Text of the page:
Meat hygiene inspectors, vets and support staff employed by the Food Standards Agency (FSA) have voted overwhelmingly in favour of strike action, over a long running pay dispute. The action by UNISON members will affect more than 130 slaughterhouses in England, Wales and Scotland, hitting meat supplies to butchers and supermarkets.
63% voted in favour of the action, over the FSA’s decision to impose a 0.75% pay offer.
Dave Prentis, General Secretary of UNISON, said:
“Meat inspectors and vets are a vital link in the food safety chain, protecting the public by keeping contaminated meat off our plates.
“The strike may well clear supermarket shelves and butchers’ shops of meat and threaten summer barbeques. It is down to the FSA to come up with a fair offer instead of digging in their heels and refusing to negotiate.
“Working in slaughterhouses is an extremely messy and stressful job and our members will not accept another cut in the value of their wages. Imposing a pay offer is inflammatory and the result of our strike ballot makes it clear that FSA staff have had enough.”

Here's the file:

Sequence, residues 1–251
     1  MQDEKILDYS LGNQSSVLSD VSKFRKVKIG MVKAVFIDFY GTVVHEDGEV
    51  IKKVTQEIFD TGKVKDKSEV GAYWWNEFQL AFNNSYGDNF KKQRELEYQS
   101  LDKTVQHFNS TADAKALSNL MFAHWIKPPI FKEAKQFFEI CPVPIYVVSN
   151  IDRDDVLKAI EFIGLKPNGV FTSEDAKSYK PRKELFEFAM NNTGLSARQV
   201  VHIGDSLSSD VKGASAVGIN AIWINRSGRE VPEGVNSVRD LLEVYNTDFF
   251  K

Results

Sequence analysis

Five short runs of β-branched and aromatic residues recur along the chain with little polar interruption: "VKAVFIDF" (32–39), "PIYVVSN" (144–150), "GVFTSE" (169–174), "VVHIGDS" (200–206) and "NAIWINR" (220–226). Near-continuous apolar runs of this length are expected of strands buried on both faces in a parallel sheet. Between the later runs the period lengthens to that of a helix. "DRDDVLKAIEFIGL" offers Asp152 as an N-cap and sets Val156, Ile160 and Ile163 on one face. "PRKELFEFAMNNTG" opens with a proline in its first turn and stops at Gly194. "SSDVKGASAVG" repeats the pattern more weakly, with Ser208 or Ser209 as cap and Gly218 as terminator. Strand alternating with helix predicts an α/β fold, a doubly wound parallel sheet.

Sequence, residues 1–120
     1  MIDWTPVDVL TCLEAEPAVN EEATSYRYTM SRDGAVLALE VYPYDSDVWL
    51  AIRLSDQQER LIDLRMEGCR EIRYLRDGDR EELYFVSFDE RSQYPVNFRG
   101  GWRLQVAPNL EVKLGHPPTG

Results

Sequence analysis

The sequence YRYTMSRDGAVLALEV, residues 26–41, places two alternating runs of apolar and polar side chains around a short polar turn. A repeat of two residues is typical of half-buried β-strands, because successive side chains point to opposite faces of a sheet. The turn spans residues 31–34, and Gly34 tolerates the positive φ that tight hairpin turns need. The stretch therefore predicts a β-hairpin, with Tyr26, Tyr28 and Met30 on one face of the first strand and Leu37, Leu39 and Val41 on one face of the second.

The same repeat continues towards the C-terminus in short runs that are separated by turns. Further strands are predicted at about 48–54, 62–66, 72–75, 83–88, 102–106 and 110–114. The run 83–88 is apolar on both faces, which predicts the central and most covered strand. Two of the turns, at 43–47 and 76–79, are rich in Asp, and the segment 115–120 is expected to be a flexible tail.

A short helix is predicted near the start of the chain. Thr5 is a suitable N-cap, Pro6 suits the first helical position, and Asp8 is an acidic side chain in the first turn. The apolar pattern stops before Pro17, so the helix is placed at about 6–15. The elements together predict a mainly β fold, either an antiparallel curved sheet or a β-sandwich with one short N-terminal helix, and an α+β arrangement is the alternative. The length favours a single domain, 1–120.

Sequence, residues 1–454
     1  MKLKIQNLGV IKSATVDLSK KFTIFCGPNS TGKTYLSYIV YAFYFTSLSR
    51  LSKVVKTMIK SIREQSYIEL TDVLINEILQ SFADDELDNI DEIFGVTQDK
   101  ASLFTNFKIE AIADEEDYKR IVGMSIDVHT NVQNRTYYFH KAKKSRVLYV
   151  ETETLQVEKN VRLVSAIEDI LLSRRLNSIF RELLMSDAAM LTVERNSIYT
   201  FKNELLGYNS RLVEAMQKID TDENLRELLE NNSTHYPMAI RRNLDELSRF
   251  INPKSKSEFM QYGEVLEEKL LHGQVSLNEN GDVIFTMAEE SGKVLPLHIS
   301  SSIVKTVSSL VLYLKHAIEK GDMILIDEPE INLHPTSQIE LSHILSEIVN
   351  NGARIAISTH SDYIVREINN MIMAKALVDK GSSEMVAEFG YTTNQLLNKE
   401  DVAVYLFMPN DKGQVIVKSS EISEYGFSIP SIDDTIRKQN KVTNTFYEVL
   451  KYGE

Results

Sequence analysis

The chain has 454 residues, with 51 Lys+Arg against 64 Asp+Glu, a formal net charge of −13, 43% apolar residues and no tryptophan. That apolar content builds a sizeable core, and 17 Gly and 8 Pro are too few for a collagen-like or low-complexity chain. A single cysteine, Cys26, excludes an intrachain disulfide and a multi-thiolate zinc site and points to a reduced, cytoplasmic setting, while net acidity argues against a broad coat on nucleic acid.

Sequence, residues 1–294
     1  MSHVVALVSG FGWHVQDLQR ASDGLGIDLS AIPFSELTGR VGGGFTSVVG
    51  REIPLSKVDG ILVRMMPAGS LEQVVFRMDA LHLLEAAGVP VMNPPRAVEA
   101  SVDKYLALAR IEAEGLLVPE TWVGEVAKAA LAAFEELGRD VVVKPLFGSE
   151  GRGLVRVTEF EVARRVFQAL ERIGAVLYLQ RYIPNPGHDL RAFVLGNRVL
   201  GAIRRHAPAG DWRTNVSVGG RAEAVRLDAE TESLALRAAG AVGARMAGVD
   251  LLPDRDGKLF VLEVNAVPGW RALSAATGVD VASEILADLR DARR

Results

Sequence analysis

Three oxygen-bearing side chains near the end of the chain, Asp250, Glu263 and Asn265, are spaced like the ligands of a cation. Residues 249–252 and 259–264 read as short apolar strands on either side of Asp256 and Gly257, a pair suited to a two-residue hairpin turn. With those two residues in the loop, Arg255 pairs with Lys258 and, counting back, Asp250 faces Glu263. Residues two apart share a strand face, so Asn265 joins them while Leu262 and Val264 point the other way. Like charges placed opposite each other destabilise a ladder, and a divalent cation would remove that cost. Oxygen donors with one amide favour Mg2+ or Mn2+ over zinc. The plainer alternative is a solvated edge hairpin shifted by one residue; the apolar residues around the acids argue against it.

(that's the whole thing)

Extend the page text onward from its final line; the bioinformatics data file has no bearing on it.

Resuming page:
UNISON is calling for an above inflation pay increase that would begin to make up some of the 15% that has been lost from the pay packets of FSA staff under the Coalition Government.
Notes to Editors
In the past two years, UNISON members in the FSA stopped the following entering the human food chain:
* 560,000 cases of milk spot caused by parasitic larvae in pigs
* 3m chickens contaminated with faeces
* 2m instances of tapeworm in red meat
* 3m animals with pneumonia
* 450,000 animals with abscesses
* 28,000 animals with tuberculosis
* 5.5m chickens with ascites – a build-up of fluid caused by heart or liver diseases
* 1.8m cases of peritonitis
* 4m cases of septicaemia